In a world where unforeseen consequences can lead to costly damages and potential lawsuits, managing your risks is an absolute must. When looking for ways to mitigate risk in an investment, such as a car, house, or expensive work of art, people often turn to major insurance companies. In theory, paying a little each month can protect you from sudden financial disaster in the future. While these companies have good intentions, the reality is often much less idyllic. Companies often try to deny claims or take forever to process payments, leaving you stuck with a mountain of debt while you try to keep your investments afloat.
Particularly in contract work, standard liability coverage often leaves much to be desired. When allowing a contractor to work in your home, install an air conditioner, or run new power lines, you are taking a huge leap of faith that the company will behave ethically and do their work up to code. While most reputable companies carry liability, there is simply no way to guarantee that their coverage will provide you with the compensation you need when their mistakes cost you thousands of dollars in damages. To mitigate this risk, surety insurance has become a preferred means of protecting your investment. This type of protection, often called surety bonds, offers a unique method of controlling the way funds are distributed in the event of a disaster. Rather than spreading settlement payout across a myriad of clients, surety insurance is a three-way agreement between a customer, a contractor, and their bondsman. With stricter guidelines and a clear understanding of responsibility, these bonds allow payment to be treated like a bank loan rather than a sudden cash windfall. By cutting out the major corporations, homeowners are able to hold contractors accountable and seek damages as soon as they know shoddy work has been performed rather than after catastrophe has struck.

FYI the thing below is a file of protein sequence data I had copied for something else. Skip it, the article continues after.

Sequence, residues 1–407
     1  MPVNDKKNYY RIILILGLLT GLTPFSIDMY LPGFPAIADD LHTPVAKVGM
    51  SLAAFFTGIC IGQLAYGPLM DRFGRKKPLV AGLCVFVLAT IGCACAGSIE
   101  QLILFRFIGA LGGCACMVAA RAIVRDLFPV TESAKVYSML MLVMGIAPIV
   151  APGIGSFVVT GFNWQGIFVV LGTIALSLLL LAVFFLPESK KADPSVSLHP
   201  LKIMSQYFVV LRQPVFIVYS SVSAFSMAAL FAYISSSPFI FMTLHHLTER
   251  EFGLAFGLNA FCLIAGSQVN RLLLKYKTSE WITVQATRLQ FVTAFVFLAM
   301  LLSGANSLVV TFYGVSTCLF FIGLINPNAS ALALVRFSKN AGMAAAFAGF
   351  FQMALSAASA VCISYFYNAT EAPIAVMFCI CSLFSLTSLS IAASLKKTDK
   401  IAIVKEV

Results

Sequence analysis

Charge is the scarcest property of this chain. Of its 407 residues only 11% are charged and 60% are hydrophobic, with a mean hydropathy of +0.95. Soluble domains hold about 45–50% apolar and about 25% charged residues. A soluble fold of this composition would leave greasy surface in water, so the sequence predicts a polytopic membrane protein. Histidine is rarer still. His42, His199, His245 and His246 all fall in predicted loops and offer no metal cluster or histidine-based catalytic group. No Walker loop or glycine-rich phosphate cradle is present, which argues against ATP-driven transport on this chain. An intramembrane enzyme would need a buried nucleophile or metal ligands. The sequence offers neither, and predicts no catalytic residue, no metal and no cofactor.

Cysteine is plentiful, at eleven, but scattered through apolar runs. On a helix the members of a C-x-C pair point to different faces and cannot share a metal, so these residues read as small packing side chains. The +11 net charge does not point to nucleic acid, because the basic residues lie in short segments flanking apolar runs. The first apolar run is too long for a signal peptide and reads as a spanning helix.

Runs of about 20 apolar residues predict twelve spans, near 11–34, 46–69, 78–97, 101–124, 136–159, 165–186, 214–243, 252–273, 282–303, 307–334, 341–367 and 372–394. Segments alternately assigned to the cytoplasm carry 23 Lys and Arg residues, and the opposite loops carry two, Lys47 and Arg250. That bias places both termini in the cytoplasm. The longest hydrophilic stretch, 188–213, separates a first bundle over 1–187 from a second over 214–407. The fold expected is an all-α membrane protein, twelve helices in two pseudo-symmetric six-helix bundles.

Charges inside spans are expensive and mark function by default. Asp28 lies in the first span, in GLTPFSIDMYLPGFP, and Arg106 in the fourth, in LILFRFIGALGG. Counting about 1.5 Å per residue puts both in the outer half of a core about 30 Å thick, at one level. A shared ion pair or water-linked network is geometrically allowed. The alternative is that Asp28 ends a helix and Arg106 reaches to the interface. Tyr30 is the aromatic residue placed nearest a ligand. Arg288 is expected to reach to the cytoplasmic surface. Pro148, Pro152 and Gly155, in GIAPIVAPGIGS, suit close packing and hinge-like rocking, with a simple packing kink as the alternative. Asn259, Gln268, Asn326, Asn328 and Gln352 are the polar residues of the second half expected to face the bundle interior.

Surety insurance is also beneficial in the case of public works. When building a park, statue, or other municipal attraction, city and town governments rely on one major overseer to manage a large number of subcontractors. Often this primary job lead is the only point of contact for the various electricians, sculptors, and carpenters working on the job site every day. While this manager hires out the work and can make agreements for compensation on his own, he will not be the one receiving complaints should any subcontractors not receive their due. Dissatisfied workers will climb as far up the food chain as they can and head right for the biggest wallet. Liability protection held by a contractor won’t save the city in this instance; only a qualified bond will do the trick. The township can activate their agreement and settle payment directly with the workers without any scandal or lawyers whatsoever.